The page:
Although we’re not sure how they start, we know phobias can be cured. People can get over their fears and enjoy all of life’s wonderful creatures, even those that currently scare them silly.
Symptoms of Lepidopterophobia
Someone who has a phobia of butterflies might experience:
- Fear of seeing or touching butterflies
- Anxiety or panic when thinking or talking about them
- Staying away from places where they might see them
Psychologists diagnose a phobia when you’ve experienced these symptoms for six months or more.
Can Children Have Lepidopterophobia?
Children are often scared of insects and animals. In most cases, they outgrow these fears, especially once they spend time with these animals and learn they’re harmless.
If your child shows persistent, irrational fears of something, try these steps:
- Talk to them about their fears. Ask them to explain why they’re scared of butterflies and if something happened to cause those fears.
- Don’t tease or make fun of your child. Show that you understand their fears. Be reassuring and supportive.
- Don’t force your child to confront the object of their fear. Some people mistakenly think a child will “get over” their fear if you force them to “be brave.” This usually backfires. The best approach is to encourage them to be around butterflies and to praise them for every step they make toward overcoming their fear.
- Talk to their doctor. If your child’s fear is persistent, talk to their pediatrician. You may want to ask for a referral to a child psychotherapist.
Can Phobias Be Cured?
Yes, they can be cured. To find someone who can help, look for a psychotherapist who specializes in phobias and anxiety disorders.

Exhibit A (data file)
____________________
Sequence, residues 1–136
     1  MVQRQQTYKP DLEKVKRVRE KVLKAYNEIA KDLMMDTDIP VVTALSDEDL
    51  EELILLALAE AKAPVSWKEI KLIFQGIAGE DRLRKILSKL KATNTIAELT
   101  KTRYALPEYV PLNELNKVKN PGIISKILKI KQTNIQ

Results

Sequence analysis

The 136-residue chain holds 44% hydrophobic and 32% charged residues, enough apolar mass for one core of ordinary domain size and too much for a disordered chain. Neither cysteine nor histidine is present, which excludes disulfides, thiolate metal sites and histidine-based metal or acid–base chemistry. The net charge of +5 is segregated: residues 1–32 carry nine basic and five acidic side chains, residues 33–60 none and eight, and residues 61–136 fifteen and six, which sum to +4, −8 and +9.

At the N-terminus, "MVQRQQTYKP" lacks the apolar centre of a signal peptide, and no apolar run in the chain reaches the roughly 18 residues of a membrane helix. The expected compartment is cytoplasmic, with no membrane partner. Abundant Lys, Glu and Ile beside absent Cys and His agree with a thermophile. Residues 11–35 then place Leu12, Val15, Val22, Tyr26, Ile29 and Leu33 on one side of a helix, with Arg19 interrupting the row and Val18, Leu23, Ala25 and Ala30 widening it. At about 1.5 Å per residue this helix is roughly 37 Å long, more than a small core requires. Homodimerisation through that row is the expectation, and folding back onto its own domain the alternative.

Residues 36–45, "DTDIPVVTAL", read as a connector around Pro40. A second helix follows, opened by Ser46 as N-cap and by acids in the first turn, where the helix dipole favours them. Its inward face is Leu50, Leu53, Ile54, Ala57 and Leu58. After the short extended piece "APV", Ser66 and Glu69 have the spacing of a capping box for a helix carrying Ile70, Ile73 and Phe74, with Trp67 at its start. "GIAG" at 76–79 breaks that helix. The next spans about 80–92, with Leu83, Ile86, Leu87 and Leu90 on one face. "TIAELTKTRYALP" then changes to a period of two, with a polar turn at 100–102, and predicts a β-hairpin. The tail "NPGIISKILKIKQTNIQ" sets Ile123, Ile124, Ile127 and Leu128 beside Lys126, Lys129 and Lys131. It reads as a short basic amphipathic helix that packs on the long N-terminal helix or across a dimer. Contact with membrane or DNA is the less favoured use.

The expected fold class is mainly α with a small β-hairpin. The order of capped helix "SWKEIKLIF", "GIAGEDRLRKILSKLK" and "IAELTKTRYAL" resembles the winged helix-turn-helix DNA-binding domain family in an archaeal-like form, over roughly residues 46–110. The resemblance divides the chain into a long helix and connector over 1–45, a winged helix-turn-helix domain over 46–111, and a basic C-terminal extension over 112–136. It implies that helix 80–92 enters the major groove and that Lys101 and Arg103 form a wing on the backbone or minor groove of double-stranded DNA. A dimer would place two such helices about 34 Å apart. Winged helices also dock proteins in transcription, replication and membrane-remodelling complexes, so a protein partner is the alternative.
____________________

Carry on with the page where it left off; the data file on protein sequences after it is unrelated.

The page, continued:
Exposure and Desensitization
The most commonly used treatment for phobias is known as exposure and desensitization. It is a form of cognitive-behavioral therapy (CBT), which is a proven therapy for anxiety, panic disorders, and phobias.
In exposure therapy, you gradually increase your tolerance for butterflies. Your therapist begins by using relaxation techniques, including deep breathing, guided imagery, and hypnosis. Once you are completely calm, your therapist trains you in using these techniques when you meet a butterfly. During each treatment session, your therapist will first make sure you’re relaxed. Then, you might look at a picture of a butterfly while using your relaxation techniques. The next step might be watching a video of a butterfly. After that, you step up your exposure gradually. One day, you might tolerate seeing butterflies live. Later in therapy, you might be able to touch one without being afraid.
This therapy is simple, straightforward, and fairly quick. Many people can find relief from their phobias in under 10 sessions.
Group therapy works for phobias. In this treatment, you meet other people who share your fear of butterflies. This provides peer support and can make it easier to face your fears. In group therapy, your psychotherapist is likely to use a group form of CBT or exposure therapy. For instance, your therapist’s goal may be to take your group to a butterfly farm or a field full of butterflies.
If your family situation is making your fear of butterflies worse, family therapy may be in order. This is also useful for children who are scared of butterflies. Involving all family members in treatment enhances the chances of success.
How To Cope with Being Scared of Butterflies
You can practice relaxation techniques that help you cope with fear and anxiety related to butterflies. These techniques and self-care measures can help:
- Learn meditation. Meditation is a useful technique for everyone. If you have anxiety or phobias, it can help you stay focused and relaxed.
- Practice deep breathing. Slow down and practice deep breathing when you feel frightened.
- Get regular exercise. Exercise helps prevent symptoms of panic. It also helps you relieve stress.
- Avoid excessive caffeine. Too much caffeine can increase symptoms of anxiety and panic.
- Get regular sleep. Many people with anxiety disorders have difficulty sleeping. Focus on changing your habits to ensure you get a good night’s sleep.
- Join a support group. Support groups for anxiety or phobias can be very helpful, and many are free to join.
Let Go of Your Fear
Don’t be ashamed of your phobia. Many people have phobias of things you face fearlessly every day. Learning relaxation techniques and getting therapy can help you learn to appreciate butterflies.